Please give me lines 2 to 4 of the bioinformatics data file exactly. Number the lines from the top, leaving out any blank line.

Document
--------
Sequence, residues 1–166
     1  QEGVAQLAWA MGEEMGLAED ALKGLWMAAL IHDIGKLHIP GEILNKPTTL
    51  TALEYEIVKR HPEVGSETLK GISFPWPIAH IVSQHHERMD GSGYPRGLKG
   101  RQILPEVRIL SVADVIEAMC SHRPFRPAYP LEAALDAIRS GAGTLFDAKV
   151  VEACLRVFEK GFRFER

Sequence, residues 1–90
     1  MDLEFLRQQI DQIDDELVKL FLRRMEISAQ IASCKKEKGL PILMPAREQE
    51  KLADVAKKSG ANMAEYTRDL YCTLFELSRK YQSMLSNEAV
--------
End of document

     1  QEGVAQLAWA MGEEMGLAED ALKGLWMAAL IHDIGKLHIP GEILNKPTTL
    51  TALEYEIVKR HPEVGSETLK GISFPWPIAH IVSQHHERMD GSGYPRGLKG
   101  RQILPEVRIL SVADVIEAMC SHRPFRPAYP LEAALDAIRS GAGTLFDAKV